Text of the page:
This one stings. Not just because the Mariners squandered an early three-run in Saturday’s 4-3 loss to the Cleveland Indians. But because of the way they let it slip away.
The Mariners presented Yovani Gallardo with a 3-0 lead in the first inning after getting homers from Nelson Cruz and Kyle Seager against Indians starter Danny Salazar.
Gallardo then walked the bases loaded in the Cleveland first inning and gave up two runs on Jose Ramirez’s double off the end of the bat, and two more on Lonnie Chisenhall’s well-placed grounder up the middle.
That was it. No more scoring and, for the Mariners, no more hits. The Mariners are now 4-5 on a three-city trip that concludes Sunday against the Indians at Progressive Field.
Three takeaways from Saturday’s loss:
***Walks will haunt: Gallardo said it himself. Walking the bases loaded in the first inning, particularly after being presented with a three-run lead, is something that "definitely can’t happen."
Gallardo pulled it together after the walks, but it didn’t matter. A couple of well-placed hits turned those walks into a disastrous four-run inning. If the Indians had hit their way back into the game, that’s one thing. Making it a gift is much worse.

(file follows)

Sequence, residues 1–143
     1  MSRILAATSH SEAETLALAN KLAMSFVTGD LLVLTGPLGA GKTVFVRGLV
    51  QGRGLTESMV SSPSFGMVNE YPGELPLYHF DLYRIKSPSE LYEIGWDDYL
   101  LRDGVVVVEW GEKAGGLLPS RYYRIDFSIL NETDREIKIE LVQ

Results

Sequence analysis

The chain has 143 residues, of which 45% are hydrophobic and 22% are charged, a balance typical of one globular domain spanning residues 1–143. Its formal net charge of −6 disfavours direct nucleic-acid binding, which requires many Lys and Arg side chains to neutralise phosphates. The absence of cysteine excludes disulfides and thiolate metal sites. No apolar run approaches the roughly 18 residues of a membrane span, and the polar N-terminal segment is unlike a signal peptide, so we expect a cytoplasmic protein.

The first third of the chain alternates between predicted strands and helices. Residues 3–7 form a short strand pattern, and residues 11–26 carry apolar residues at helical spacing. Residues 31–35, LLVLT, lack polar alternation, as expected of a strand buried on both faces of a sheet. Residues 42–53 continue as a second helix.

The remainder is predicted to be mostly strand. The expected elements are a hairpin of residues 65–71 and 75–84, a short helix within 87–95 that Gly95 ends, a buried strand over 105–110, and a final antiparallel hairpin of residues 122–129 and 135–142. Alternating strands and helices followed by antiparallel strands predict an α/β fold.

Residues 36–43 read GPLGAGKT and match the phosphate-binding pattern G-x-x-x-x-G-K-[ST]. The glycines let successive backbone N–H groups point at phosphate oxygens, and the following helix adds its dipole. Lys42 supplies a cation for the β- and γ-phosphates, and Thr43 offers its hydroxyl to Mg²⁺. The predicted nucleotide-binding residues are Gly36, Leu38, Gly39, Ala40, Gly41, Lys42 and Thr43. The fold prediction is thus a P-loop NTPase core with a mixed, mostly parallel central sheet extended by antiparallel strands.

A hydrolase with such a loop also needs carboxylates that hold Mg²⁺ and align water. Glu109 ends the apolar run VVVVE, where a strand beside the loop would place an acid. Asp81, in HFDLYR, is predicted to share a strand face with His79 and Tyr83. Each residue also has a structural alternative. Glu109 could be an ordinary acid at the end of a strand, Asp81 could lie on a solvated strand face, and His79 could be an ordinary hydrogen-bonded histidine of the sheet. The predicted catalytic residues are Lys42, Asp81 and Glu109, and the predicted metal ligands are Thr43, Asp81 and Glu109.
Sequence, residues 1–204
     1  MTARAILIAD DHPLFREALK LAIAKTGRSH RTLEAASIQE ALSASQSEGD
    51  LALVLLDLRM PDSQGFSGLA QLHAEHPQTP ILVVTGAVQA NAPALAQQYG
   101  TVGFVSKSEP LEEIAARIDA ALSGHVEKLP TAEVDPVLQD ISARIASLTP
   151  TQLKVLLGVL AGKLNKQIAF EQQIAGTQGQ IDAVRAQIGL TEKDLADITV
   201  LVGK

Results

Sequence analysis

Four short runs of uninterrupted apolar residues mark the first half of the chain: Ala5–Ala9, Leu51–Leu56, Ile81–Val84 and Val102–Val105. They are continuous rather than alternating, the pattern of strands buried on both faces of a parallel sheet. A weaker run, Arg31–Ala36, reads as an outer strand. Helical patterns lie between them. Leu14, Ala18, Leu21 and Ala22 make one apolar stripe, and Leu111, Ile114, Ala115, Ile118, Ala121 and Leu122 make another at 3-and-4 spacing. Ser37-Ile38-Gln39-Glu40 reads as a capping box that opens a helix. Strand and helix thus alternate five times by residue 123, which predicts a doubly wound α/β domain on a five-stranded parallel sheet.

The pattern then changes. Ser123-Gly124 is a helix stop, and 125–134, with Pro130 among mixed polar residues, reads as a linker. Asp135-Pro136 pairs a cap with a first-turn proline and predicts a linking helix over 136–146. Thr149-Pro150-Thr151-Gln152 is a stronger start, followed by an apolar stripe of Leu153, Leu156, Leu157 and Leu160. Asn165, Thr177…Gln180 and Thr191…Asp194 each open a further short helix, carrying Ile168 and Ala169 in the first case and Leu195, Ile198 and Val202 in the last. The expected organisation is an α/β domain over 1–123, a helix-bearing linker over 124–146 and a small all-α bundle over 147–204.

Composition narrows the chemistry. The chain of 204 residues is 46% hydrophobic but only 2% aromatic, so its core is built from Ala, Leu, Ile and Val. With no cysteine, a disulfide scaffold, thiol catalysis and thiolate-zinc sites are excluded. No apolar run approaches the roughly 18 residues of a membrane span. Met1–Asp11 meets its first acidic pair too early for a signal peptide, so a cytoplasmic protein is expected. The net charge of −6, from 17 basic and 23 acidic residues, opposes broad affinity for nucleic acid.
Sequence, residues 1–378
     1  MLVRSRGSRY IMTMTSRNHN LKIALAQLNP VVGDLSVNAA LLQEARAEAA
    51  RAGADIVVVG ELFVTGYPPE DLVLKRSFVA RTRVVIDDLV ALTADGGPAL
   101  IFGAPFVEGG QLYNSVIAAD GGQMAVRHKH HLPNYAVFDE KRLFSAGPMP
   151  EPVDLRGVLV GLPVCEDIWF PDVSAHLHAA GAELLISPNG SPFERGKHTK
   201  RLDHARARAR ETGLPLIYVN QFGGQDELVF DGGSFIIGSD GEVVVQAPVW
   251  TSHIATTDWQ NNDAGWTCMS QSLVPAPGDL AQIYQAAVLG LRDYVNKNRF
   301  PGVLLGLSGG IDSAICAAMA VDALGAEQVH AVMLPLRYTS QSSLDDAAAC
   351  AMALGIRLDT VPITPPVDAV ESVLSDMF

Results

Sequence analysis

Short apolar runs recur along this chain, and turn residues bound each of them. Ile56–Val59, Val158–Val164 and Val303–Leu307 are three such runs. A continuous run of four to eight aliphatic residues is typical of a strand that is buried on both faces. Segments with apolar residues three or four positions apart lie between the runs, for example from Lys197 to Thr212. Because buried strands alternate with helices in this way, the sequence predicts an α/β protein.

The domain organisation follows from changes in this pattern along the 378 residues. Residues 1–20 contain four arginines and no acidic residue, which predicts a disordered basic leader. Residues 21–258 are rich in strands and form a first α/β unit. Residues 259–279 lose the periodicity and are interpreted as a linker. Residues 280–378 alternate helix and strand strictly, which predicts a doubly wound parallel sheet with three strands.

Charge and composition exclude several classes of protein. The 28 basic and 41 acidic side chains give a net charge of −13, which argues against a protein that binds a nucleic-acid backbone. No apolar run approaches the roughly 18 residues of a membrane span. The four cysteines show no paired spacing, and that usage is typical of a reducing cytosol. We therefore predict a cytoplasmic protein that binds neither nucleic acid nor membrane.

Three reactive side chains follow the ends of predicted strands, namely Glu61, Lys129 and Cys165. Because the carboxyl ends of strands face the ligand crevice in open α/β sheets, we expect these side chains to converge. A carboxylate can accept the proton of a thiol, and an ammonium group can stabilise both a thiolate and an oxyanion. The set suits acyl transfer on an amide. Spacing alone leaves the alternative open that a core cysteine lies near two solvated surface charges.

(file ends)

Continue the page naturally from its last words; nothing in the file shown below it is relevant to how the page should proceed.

***Going dry: OK, let’s get past the first inning. The Mariners were only down one run, but their lineup, which started the day tied for the league lead in runs scored, didn’t even get a hit the rest of the way.
That also definitely can’t happen.
***Vogelbach on thin ice: That were a lot of bad at-bats in Saturday’s loss, so it’s probably unfair to single out Dan Vogelbach for striking out against Indians closer Cody Allen in the ninth inning as a pinch hitter.
It was a bad at-bat. Vogelbach jumped ahead 2-0 in the count and then took called strikes on two hittable fastballs before striking out on an off-speed pitch. In isolation, it is just that — a bad at-bat.
But Vogelbach is now 2-for-13 in five games since his promotion from Triple-A Tacoma. He has strikeouts in three of his last four at-bats. The other at-bat resulted in a ground-ball double play.
Further, he hasn’t played in the field since falling to handle two catchable grounders in Tuesday’s blowout loss in Detroit.
A poor start by veteran Danny Valencia created an opportunity for Vogelbach, but it might not last much longer if he doesn’t pick it up.
There are few DH at-bats available as long as Nelson Cruz is around, and manager Scott Servais has already shown a willingness to use utilityman Taylor Motter at first base as an alternative to Valencia.
Bob Dutton: @TNT_Mariners